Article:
Japanese Resting in Silence


Japanese Resting in Silence

In Japanese culture, a strong emphasis on silence permeates throughout society. The concept of Chinmoku, or silence, has great cultural value in day to day Japanese life. One of the first distinctions a visitor to Japan will notice in comparison with most places in the world will be that Japanese people are generally very careful about how they communicate verbally. This often gives the appearance of low levels of verbal communication wherever people are gathered. Why? Chinmoku can be attributed to the substantial Zen Buddhist emphasis which teaches that silence in communication tends to lend one to truthfulness. Japanese society, therefore, views silence as a highly favorable trait to the point where almost every traditional art has a period of quiet reflection included therein. Knowing how as well as when to be silent is key to Japanese life.

In America, a popular saying about talking too much is quoted as follows,

“Better to remain silent and be thought a fool than to speak and remove all doubt.”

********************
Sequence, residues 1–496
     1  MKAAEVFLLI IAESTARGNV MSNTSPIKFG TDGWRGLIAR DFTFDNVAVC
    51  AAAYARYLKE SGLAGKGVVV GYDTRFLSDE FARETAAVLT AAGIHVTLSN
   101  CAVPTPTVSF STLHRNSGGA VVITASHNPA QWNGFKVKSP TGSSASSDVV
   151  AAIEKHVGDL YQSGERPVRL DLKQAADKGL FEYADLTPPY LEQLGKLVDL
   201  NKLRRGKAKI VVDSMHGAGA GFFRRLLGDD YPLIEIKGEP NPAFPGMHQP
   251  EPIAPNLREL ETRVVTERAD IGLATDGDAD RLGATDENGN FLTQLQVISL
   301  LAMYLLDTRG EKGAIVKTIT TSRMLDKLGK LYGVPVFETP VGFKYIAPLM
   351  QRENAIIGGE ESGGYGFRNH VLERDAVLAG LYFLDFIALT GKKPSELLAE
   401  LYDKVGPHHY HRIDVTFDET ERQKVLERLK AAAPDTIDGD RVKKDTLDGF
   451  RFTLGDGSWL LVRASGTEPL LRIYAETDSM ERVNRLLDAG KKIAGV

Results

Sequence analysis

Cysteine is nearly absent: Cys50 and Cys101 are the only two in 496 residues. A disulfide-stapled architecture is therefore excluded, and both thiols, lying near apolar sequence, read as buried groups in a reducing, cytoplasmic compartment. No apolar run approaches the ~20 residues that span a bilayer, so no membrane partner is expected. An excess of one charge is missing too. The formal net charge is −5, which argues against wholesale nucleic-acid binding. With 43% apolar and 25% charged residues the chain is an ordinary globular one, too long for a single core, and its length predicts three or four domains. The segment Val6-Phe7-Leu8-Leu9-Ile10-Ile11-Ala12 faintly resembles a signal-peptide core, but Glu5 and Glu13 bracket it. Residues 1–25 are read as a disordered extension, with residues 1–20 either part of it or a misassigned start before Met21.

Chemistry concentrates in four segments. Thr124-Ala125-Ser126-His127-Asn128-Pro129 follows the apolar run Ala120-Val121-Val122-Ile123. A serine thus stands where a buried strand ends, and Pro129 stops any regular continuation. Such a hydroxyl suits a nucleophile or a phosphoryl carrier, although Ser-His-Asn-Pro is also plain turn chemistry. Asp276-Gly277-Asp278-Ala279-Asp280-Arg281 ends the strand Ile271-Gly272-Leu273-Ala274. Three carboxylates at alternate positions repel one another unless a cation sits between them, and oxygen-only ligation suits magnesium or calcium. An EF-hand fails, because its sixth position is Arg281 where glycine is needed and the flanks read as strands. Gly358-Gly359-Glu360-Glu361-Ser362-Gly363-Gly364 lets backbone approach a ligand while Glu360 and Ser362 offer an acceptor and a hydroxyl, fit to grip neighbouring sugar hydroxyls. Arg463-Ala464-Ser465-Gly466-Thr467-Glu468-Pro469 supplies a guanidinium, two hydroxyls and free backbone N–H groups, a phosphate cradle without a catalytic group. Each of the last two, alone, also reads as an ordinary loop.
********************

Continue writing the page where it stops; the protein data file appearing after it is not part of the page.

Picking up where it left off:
The Japanese people take this to a serious level by carefully applying it to the group setting. By limiting verbal communication it is thought that group harmony is increased with fewer chances of conflict with other people occurring. Also, it is important in Japanese culture to be aware of who is around you in the realm of social hierarchy and thereby limiting what is said so as to show respect to those in a ‘higher’ social rank.

How can Chinmoku impact missionary work within the Japanese culture? On the positive side, Chinmoku can be of great importance when trying to understand people because ideally they will say only what is most important or will use more time to communicate in the best possible way. However, on the negative side, Chinmoku can be used to hide true intentions, feelings, or be used to be particularly vague so as to not cause offence. Since silence can be used to avoid conflicts in Japan, there can be great pressure to avoid talking about or even preaching about certain topics in the Bible. Also, such is the extent of Chinmoku in society, that if crime or bullying occurs in public many times Japanese people will simply ignore it or remain silent about what goes on. Silence can also be used to end relationships or show disdain. Because Westerners place more emphasis on direct communication they can be frustrated by the Japanese emphasis on silence! Please pray for us as we navigate this Chinmoku culture!

japanese culture series part 9 resting in silence